The families behind Berry Bros have always made a point of being visible and accessible within the business, and now customers also have a direct link to the family, through the 24,200-follower Instagram account which Willis personally manages.
“If you’re a family in any business that hides in an ivory tower then inevitably you become a stumbling block rather than a part of progress and change.”
Part of this visibility has been a staunch investment into brick-and-mortar retail over the last few years. In 2017 they opened a state-of-the-art store on Pall Mall—next to the St James’s Street HQ— which stocks wine ranging from a little under £10 to more than £10,000.
“In many respects we’re doing something quite unusual. We’re saying we need to be very progressive from a digital perspective and we’re doing a huge amount of work on e-commerce and social strategies. But what we’re saying is we need to support it with bricks as well. For me, you can’t consider yourself a fantastic retailer if you don’t have a fantastic shop.”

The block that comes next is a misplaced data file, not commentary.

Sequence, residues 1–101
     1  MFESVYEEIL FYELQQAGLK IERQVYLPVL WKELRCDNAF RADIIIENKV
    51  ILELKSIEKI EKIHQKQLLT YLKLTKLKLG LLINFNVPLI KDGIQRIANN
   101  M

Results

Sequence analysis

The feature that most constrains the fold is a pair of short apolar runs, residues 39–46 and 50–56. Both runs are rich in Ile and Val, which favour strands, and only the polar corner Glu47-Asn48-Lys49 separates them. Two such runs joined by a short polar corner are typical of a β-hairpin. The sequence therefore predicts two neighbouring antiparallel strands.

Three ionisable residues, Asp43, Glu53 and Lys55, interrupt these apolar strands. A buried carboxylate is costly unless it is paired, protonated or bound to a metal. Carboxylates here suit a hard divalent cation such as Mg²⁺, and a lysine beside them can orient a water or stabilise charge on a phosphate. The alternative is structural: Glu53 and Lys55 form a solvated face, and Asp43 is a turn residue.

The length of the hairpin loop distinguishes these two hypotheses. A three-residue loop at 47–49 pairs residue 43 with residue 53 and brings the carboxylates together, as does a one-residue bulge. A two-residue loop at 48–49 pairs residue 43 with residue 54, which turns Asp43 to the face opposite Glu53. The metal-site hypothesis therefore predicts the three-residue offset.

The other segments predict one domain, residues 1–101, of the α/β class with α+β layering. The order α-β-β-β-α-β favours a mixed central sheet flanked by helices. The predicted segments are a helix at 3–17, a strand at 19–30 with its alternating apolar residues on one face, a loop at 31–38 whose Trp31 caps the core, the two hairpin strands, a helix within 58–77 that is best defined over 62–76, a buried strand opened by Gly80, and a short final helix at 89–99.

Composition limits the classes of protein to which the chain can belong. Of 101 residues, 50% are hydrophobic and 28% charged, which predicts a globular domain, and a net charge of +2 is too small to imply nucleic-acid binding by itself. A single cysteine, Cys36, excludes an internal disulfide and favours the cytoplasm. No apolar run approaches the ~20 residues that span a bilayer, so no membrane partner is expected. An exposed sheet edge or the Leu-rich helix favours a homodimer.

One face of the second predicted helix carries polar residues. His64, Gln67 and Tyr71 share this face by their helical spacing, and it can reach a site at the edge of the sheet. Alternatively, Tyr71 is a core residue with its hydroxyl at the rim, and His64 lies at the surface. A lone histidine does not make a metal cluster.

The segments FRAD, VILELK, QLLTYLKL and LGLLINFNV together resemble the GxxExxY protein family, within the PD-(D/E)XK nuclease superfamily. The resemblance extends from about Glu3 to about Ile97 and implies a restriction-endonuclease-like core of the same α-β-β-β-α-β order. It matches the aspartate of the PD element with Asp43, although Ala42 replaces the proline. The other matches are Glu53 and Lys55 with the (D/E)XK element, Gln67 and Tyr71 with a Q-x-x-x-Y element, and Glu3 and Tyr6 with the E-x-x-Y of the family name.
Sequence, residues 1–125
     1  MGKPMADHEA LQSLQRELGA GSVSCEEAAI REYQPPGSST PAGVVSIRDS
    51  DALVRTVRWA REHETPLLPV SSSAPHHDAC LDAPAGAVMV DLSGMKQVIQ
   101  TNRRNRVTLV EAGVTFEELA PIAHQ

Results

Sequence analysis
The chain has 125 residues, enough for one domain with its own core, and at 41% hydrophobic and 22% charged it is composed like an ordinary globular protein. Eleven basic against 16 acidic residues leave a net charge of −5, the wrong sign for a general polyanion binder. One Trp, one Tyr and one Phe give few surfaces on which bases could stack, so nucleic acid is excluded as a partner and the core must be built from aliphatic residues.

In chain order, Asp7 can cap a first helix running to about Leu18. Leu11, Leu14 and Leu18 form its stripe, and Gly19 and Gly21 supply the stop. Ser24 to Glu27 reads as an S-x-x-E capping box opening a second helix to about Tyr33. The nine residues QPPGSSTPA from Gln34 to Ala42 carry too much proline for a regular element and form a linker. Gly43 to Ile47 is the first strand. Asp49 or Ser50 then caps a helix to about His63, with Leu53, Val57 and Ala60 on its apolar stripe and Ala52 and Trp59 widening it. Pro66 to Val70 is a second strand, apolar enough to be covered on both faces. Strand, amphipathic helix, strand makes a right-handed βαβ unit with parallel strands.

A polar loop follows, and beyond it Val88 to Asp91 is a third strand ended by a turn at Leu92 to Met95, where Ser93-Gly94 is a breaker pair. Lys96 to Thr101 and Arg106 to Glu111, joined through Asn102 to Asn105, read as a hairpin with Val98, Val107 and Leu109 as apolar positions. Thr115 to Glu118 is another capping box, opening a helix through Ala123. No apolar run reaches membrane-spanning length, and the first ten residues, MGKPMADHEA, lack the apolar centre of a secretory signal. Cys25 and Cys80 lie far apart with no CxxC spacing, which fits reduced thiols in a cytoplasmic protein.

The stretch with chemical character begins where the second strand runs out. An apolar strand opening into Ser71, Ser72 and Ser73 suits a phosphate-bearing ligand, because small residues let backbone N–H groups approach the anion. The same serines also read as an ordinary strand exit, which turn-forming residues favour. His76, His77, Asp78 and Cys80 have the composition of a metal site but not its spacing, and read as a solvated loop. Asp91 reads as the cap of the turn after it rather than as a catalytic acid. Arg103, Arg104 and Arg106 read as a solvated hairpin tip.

There were several reasons the shop happened. The original St James’s Street premises, while atmospheric, were “without a doubt, the worst retail environment in London”, Willis says.
St James’s Street was set up for a different era, when people would come in, sit down, and talk to an expert about purchasing or laying down wine—a bit like going to see a bank manager.
“We’ve drawn a line around [St James’s Street] and protected it, but this business 30 years ago would have predominantly been for a man of a certain age with a certain accent. Now, I’d hope that it’s completely open to anyone with an interest in wine and spirits.”
Willis does not rule out the possibility he could one day chair the business, but says “it’s not a given, at all”.
“If that happens in the future… From my side, inevitably it’s useful to have a solid financial grounding. The family board is looking at appropriate training for next gens, so recognising where skill-sets are and what abilities will make them more productive and relevant in the boardroom.
“But it doesn’t work if nepotism is ringing through the corridors, and I think the minute you are faced with anyone who thinks there’s a role they’re entitled to, or they’ll have a natural progression based on their surname rather than their ability, they’ll be wrong.”